August 99: Butter: aka Never Too Big

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by Sékou
Written and directed by: Peter Gathings Bunche Cover of Never 2 Big Video
Studio: World International Network, Butter Films, Cinetec Pictures
Cast: Shemar Moore, Nia Long, Ernie Hudson, Donnie Whalberg, Tony Todd

It's always with trepidation that I pick up a straight-to-video movie (STV). You already know why. Most of us share the notion that STV's always come complete with substandard acting, mediocre plots, and the kind of lighting that implies the director shot the whole thing by candlelight. Especially the STV's featuring African-Americans. Well, I've changed my mind. Sure, there are some bad STV's out there, but there are bad movies in the theater too, right? And wouldn't you rather pay the Blockbuster price for a bad movie than the theater price? If you're wondering why I sound like a salesman for your local video store, allow me to explain. I am selling something-- not the services of video rental stores everywhere but rather the African-American STV's that reside there. STV's are a gold mine. They're relatively inexpensive, they employ vast numbers of talented African-American actors and they can be quite entertaining.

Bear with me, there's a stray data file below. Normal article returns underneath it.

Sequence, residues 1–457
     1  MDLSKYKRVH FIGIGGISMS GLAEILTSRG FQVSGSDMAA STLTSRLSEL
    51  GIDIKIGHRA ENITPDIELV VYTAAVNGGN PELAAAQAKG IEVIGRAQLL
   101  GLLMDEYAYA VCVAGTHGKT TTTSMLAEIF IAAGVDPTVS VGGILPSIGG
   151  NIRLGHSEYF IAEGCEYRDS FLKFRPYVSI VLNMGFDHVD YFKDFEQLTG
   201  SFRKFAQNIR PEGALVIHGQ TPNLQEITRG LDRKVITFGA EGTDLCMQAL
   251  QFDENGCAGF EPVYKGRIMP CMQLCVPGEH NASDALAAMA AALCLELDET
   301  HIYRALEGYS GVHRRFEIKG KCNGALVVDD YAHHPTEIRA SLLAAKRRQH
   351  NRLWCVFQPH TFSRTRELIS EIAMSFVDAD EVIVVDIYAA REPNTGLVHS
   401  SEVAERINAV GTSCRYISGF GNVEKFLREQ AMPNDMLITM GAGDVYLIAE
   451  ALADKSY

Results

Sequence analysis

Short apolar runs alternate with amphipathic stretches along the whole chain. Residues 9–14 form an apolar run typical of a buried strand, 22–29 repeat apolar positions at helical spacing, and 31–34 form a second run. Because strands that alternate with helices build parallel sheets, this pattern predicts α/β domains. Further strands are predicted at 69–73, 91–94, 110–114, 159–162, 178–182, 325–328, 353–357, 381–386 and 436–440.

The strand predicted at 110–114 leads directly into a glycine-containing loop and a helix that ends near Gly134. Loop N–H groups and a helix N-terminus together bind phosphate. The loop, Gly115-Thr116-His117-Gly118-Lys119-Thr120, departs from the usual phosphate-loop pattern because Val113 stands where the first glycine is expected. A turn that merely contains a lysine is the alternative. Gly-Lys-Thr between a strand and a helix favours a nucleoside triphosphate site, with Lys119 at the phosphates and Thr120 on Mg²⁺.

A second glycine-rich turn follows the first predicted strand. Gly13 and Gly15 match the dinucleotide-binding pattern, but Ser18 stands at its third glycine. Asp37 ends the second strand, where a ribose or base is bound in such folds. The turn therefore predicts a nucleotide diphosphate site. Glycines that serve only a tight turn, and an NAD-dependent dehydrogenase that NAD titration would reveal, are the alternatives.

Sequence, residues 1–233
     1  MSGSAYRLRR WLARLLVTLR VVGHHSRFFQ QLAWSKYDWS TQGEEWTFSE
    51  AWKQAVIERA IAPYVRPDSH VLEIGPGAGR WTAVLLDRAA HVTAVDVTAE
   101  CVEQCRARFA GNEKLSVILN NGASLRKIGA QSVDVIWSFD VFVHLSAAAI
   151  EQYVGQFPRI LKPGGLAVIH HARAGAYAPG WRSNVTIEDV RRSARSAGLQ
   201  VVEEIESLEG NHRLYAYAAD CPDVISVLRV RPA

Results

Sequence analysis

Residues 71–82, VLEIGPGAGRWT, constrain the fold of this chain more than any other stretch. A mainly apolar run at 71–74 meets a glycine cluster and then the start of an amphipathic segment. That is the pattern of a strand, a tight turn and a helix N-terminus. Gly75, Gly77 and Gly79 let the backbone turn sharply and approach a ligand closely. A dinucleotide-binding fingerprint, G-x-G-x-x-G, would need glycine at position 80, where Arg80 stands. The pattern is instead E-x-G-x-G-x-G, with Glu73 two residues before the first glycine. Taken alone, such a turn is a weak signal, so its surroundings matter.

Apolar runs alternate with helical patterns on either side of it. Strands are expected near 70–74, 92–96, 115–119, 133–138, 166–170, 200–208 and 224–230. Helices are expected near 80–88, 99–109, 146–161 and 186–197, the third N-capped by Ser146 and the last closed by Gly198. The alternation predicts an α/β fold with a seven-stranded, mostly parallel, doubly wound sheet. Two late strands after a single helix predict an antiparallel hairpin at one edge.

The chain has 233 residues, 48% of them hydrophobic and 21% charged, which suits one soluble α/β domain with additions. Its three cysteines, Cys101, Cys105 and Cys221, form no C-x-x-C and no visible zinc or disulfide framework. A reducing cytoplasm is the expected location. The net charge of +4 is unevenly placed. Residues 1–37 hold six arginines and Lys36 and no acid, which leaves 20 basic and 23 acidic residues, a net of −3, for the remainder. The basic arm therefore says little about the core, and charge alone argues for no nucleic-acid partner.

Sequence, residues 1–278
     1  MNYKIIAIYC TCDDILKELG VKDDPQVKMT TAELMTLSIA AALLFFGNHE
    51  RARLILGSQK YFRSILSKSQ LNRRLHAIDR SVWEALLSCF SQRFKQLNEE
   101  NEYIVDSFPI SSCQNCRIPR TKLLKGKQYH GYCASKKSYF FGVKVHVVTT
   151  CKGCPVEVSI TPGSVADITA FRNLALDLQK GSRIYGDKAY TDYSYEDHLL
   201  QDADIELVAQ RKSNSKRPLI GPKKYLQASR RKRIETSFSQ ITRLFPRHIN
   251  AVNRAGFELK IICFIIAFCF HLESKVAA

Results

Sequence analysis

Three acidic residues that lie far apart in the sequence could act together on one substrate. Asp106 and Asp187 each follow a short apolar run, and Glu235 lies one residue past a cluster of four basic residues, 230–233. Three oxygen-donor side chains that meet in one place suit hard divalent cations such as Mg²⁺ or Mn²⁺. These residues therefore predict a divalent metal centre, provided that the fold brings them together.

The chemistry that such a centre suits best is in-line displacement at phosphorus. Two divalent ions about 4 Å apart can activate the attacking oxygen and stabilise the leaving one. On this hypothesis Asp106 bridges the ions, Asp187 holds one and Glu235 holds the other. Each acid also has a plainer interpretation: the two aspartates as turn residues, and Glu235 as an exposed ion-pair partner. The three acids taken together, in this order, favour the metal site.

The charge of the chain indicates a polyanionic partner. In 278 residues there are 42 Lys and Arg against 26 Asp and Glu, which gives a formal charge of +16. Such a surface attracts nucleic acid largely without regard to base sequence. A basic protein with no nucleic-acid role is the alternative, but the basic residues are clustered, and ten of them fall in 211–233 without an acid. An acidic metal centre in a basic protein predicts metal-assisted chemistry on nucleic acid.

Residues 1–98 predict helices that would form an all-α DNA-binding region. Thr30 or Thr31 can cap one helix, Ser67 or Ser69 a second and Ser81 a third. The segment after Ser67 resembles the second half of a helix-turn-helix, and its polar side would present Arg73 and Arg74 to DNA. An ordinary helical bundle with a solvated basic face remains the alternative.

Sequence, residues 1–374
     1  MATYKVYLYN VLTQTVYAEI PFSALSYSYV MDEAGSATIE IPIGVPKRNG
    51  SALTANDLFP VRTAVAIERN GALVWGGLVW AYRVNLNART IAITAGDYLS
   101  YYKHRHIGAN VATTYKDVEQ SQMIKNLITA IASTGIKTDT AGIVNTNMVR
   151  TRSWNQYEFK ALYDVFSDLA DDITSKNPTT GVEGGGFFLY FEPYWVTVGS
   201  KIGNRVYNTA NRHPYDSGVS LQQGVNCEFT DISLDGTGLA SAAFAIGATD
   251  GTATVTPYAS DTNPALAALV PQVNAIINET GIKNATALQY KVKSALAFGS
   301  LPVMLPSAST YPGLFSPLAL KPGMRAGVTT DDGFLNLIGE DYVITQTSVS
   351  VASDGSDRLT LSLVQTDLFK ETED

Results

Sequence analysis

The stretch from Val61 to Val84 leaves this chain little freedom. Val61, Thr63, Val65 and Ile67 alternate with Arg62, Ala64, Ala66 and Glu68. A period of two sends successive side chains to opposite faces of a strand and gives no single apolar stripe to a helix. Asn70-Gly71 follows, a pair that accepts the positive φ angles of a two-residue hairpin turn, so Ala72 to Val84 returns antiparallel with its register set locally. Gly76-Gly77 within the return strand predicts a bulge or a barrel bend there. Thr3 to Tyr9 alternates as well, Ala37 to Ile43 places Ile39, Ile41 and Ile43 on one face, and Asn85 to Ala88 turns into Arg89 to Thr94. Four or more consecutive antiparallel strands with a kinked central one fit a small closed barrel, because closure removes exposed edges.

Freddy (Shemar Moore) and his foster sister Blusette (Salli Richardson) are at the top of the music industry. Blusette is a multi-platinum singer, and Freddy is a hot music industry executive who's guiding her career under the careful tutelage of Eight Ball (Ernie Hudson). Soon enough, we learn that Eight Ball is nothing short of a small time hood in search of the big score that will make the rest of his champagne wishes and caviar dreams come true. Blusette gets hip to his game and refuses to be a pawn in whatever deal he's got going. Soon thereafter, she turns up dead and Freddy has to figure out who killed her and how to keep himself from winding up inside a body bag too.


Shemar Moore was a bundle of charisma as the Bronx-born kid loath to give up the good life his sister's singing has provided him. I can see more leading roles in his future. Ernie Hudson completes a menacing performance as the surly and self-serving Eight ball. Nia Long was as good as always playing an innocent bystander caught up in a mess she has nothing to do with. Mark Whalberg's brother Donnie takes a crack at acting here with a turn as a perpetually whispering young mobster.


As far as STV's go Butter was pretty good. I was pleasantly surprised to find a decent plot, a few unexpected twists and actors who portrayed intriguing characters. The cameos were the best part of the movie though. Telling would spoil the surprise, but if you're an African-American film fan you'll see a lot of familiar faces. Need one more movie to round out your trip to the video store? Pick this one up.


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